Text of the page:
Like many of you, Rocks Off has friends and family members who have served (or are serving) in our armed forces. Memorial Day is when we honor the sacrifice so many of them have made - and are still making - fighting America's wars.
Songs about the hardships suffered by soldiers and their families date back to the 19th century, but It wasn't until Vietnam that we really saw an explosion in the genre. Many of these were dedicated more to the idea of ending the war itself, but you could still find stuff like Phil Ochs' "I Ain't Marching Anymore"
or CCR's "Fortunate Son"
or dozens of others.
Our military has been mired in Iraq and Afghanistan for almost ten years now, a situation which has given rise to a new wave of songs highlighting the horrors these kids see and questioning the reasons they were sent in the first place. This is by no means a comprehensive list, but if you're in need of something to remind you why you have the day off on Monday, Rocks Off is happy to help.
1. Reckless Kelly, "American Blood":
Unless a band is overtly political, we don't always go out of our way to investigate their leanings. After all, we've been burned in the past (Ian Curtis voted for Thatcher?!?), so we were a bit surprised when country-rockers RK released this scathing indictment of George W. Bush on 2008's Bulletproof
. "God bless America but god damn Uncle Sam," indeed.
2. Dixie Chicks, "Travelin' Soldier":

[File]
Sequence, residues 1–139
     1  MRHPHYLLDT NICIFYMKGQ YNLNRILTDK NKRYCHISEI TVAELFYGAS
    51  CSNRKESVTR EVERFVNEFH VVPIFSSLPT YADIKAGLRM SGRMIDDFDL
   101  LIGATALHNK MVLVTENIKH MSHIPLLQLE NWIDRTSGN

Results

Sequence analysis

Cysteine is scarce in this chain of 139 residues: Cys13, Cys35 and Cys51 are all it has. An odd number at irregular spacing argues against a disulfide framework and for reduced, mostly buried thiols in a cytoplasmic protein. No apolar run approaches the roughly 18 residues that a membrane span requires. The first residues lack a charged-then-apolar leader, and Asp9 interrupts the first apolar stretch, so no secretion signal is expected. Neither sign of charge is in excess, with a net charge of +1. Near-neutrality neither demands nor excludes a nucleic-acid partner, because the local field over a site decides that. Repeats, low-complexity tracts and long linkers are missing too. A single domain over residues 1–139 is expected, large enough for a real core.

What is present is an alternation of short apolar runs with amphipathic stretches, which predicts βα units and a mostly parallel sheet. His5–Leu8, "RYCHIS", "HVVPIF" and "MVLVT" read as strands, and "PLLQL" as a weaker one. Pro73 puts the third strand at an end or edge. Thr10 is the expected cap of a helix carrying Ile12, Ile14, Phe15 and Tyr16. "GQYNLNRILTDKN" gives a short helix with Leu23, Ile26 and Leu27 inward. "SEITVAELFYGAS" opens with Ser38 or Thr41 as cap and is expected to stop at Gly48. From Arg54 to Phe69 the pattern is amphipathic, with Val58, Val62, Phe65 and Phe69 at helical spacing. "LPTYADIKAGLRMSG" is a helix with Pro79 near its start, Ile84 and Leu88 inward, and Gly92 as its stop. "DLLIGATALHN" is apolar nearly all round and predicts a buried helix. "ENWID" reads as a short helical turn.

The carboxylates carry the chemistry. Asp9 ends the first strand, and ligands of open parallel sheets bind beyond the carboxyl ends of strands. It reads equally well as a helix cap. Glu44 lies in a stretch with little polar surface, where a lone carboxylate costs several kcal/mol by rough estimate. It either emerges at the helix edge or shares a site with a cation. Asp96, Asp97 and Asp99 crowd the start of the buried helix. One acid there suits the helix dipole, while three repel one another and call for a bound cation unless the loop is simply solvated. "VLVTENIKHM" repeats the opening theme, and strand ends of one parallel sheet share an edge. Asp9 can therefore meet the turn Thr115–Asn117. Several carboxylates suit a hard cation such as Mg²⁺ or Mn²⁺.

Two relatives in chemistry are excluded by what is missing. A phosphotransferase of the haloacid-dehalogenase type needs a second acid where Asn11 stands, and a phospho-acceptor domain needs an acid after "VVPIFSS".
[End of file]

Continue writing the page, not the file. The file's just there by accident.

Originally written by Bruce Robison in 1996, it was re-released by the Chicks in 2002, so we're including it. What's often lost in the controversy (the song was No. 1 on the country charts when Natalie Maines made...The Comment
) is how heartbreaking the song really is. Now if you'll excuse us, we have something in our eye.
3. Rise Against, "Hero of War":
This one reminds us of Ernest Hemingway's quote
from 1935's Notes on the Next War
. It's probably something that should be appended to every armed forces recruiting poster.
4. Muse, "Soldier's Poem":
What's that? That band that sounds a lot like a human centipede of Queen, Radiohead and Coldplay recorded a protest song? And their album Absolution
was about the Iraq War? Watch these guys, Rocks Off has a feeling they're gonna be big.
5. Dropkick Murphys, "Last Letter Home":
The Murphys' particular brand of traditional Irish folk music fused with screampunk is something of an acquired taste, though Rocks Off admits to enjoying them after a few pints of Guinness. Here they show their sensitive side with a cut inspired by the letters sent home from a Marine who died in Iraq in 2005.
6. Steve Earle, "Rich Man's War":
Earle is known for looking at issues from an unpopular perspective ("John Walker's Blues"), and does so again here. Chris Taylor
aside, you don't fight a lot of wealthy people in the infantry.
7. The Decemberists, "Sixteen Military Wives":
When Rocks Off thinks of the Decemberists, we don't automatically picture protest music, but this is a decent effort. And as Houstonians, we can't help but be taken in by the Rushmore
8. Ian Brown feat. Sinead O'Connor, "Illegal Attacks":
Another British perspective, this time pleading for the soldiers to "come home." The title of the track refers to the crazy assumption that the Bush Administration somehow misled us into invading a country that wasn't a direct threat to us and didn't play a role in the 9/11 attacks. Oh, that wacky Ian Brown.